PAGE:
a, Absorption spectra measured with the protein incubated 1 day (left) or 4 days (right) in the dark at 4 °C (black) or illuminated with blue light (455 nm; 50 W/m2) for 5 min at room temperature (cyan). The absorption spectrum of the blank (only medium) was subtracted from the dark and lit state spectra. b, SEC performed with purified BLADE in the dark or illuminated with 460 nm light (5 W/m2) for 30 min at 4 °C. c, Schematic representation of the synthetic promoter with the inverted I2 half-site. d, MG1655 cells transformed with pBLADE_I2 rev-mCherry grown 4h either in the dark or under 460 nm light (5 W/m2) illumination were analyzed by flow cytometry. The values were normalized to the mCherry fluorescence intensity measured in cells transformed with pReporter_only (see Supplementary Table 1; dashed line). Values represent mean ± SD of n = 3 independent experiments. The individual data points are the mean values of 10,000 single-cell flow cytometry events. Not significant (ns), P < 0.05. The P-value P was calculated by the two-tailed, homoscedastic Student’s t-test.

Source data

Extended Data Fig. 4 The foci formed by BLADE-sfGFP in the dark are aggregates and are due to the VVD moiety.

a, GFP fluorescence intensity measured in E. coli MG1655 cells transformed with a modified pBLADE in which BLADE was C-terminally fused with sfGFP grown for 4h in the dark or under 460 nm light (5 W/m2) light. The individual data points are the mean values of 10,000 single-cell flow cytometry events. b, Left, representative images of a fluorescence recovery after photobleaching (FRAP) experiment. Scale bar, 5 μm. Right, Quantification of the recovery in three independent FRAP experiments. c, Quantification of the number of cells showing aggregates for the indicated constructs and conditions. From left to right, P = 0.00451 and P = 0.09117. Not significant (ns), P < 0.05; double asterisk (**), P < 0.01. P-values P were calculated by the two-tailed, homoscedastic Student’s t-test. Values represent mean ± SD of n = 3 independent experiments. Total number of cells analyzed: n = 670 (VVD-AraCDBDWT-sfGFP), and n = 473 (VVDC108A-AraCDBD-sfGFP).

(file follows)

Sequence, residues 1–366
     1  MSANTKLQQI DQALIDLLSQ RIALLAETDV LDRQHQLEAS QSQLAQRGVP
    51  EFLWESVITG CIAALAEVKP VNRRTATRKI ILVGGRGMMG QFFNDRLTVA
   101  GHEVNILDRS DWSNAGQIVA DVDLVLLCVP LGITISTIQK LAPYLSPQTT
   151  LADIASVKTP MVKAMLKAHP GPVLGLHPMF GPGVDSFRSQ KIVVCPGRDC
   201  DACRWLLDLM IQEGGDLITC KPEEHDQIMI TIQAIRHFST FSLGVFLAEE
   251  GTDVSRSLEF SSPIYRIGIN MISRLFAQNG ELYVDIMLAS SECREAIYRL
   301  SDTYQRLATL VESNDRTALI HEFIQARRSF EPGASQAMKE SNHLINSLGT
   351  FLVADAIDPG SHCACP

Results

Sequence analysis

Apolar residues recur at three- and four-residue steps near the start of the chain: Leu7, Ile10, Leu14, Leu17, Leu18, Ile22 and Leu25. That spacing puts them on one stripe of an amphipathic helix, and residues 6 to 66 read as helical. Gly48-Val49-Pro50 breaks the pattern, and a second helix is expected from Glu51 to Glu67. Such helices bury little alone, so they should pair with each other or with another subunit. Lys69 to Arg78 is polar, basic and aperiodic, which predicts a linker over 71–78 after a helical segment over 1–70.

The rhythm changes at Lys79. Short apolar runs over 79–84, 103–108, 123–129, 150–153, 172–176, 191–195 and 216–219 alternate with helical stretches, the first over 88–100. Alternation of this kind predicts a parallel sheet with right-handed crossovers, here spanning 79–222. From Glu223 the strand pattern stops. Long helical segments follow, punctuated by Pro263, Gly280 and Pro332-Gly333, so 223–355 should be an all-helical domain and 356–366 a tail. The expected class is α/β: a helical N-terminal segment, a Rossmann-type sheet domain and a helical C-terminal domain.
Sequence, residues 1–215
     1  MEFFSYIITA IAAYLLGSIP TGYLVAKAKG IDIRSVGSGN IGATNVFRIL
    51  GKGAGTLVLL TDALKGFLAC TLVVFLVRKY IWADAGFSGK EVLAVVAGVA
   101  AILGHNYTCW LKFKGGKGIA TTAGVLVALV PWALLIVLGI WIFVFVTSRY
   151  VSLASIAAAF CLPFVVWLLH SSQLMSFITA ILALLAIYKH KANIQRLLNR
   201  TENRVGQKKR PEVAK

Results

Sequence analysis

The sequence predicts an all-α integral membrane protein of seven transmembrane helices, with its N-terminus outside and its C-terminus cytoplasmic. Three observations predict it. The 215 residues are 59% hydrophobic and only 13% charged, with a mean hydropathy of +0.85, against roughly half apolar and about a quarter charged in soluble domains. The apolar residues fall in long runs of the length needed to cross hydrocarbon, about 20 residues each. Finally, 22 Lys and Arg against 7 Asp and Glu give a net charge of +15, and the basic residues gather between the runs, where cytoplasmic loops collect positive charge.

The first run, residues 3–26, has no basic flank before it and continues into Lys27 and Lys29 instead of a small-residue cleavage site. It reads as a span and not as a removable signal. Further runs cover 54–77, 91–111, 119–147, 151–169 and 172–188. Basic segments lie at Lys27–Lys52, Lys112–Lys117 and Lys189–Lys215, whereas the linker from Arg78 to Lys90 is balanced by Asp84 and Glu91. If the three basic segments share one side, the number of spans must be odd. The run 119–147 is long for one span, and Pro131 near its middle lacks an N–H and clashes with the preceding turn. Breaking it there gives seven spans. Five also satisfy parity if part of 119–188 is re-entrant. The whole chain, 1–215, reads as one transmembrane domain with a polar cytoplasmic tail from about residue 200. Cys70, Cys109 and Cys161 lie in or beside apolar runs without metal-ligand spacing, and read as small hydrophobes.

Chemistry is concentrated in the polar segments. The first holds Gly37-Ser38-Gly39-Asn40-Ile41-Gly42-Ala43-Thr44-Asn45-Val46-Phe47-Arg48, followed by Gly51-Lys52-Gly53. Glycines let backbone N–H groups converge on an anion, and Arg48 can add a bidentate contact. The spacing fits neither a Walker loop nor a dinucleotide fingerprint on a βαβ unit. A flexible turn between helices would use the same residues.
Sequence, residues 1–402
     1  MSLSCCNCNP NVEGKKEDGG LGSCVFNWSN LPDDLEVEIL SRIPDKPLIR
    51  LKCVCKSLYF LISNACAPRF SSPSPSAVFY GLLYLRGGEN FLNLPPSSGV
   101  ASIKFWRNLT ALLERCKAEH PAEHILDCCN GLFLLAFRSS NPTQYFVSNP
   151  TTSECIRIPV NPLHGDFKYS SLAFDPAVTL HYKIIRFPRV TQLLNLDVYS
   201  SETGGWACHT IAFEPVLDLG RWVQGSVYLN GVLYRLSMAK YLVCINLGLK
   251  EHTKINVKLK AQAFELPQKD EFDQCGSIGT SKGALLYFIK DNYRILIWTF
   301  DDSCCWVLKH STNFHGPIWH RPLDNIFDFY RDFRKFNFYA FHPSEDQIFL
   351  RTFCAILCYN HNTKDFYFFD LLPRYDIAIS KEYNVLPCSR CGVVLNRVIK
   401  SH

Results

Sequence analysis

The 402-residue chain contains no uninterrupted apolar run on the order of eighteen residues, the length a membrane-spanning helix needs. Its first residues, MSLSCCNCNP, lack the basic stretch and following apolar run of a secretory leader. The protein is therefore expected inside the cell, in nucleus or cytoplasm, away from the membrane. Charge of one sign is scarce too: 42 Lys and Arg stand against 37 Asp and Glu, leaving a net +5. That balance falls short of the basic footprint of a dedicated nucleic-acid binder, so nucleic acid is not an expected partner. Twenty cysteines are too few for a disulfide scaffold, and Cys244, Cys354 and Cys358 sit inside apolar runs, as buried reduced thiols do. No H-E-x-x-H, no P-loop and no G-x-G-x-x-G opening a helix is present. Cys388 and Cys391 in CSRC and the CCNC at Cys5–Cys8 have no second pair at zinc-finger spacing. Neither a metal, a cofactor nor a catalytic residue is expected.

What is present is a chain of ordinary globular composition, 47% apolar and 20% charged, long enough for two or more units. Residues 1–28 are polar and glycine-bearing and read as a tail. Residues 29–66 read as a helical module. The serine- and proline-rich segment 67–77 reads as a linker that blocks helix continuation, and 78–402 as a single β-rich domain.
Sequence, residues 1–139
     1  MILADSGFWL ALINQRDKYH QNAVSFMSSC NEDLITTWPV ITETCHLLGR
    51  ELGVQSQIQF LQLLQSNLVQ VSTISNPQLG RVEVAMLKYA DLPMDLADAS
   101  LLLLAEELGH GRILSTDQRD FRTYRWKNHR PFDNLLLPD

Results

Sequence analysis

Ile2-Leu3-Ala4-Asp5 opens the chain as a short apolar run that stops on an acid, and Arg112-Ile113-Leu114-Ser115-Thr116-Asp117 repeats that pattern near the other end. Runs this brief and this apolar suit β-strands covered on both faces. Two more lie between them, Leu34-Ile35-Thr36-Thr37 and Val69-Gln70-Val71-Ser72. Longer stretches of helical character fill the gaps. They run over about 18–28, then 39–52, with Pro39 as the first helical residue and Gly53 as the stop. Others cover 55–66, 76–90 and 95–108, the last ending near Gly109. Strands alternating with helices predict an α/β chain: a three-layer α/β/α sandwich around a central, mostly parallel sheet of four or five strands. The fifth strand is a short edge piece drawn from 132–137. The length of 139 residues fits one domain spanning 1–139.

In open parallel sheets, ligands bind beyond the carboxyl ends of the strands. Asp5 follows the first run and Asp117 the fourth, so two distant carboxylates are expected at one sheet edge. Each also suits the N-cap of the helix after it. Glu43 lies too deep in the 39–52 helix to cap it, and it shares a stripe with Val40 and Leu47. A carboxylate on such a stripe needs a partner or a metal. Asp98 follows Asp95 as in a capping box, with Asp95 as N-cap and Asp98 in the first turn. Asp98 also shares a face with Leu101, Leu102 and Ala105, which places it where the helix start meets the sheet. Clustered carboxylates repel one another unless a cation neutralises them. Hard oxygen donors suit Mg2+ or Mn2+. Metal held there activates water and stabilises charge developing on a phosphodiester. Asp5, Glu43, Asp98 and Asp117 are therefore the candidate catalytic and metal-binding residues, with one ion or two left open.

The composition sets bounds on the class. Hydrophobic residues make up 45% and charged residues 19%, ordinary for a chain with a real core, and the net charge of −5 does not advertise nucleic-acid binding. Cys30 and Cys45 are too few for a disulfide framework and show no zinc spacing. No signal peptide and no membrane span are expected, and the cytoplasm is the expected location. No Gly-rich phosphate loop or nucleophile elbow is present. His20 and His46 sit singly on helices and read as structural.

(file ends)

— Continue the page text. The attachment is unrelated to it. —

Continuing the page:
Source data

Extended Data Fig. 5 Optimal gene expression output may be obtained at intermediate TF concentrations.

a, Schematic representation of the plasmid used in step 1. Regulatory sequences (O1 and O2 half-sites) upstream of the PBAD promoter have been deleted. Right, example of a scenario for which the highest mCherry levels are obtained at intermediate cTF levels (red line). b, In step 2, the range of transcriptional output (visualized through the fluorescent reporter expression) induced by different IPTG concentrations is mapped to the rates of constitutive promoters in a library (right), allowing for the identification of a constitutive promoter that matches the desired optimal BLADE expression level (schematically shown with a red line). A plasmid bearing the IPTG-inducible promoter as well as an extended library of constitutive promoters (http://parts.igem.org/Promoters/Catalog/Anderson) was used. To minimize the potential influence of individual promoters on mRNA transcription and translation initiation, we used a ribosome binding site (RBS) containing an insulating ribozyme (RiboJ59). Plotting the mCherry fluorescence levels obtained with the constitutive promoters and with the IPTG-inducible promoter at different IPTG concentrations in the same plot, it is possible to find the constitutive promoter that best matches the expression from the IPTG-inducible one at the desired IPTG concentration. This mapping has to be performed only once for a given strain background at specific conditions, which in our case as an example was done in E. coli BW25113ΔaraC attB::lacY. Values represent mean ± SD of more than three biological replicates acquired on different days.

Source data

Extended Data Fig. 6 Setup for the characterization of BLADE TFs.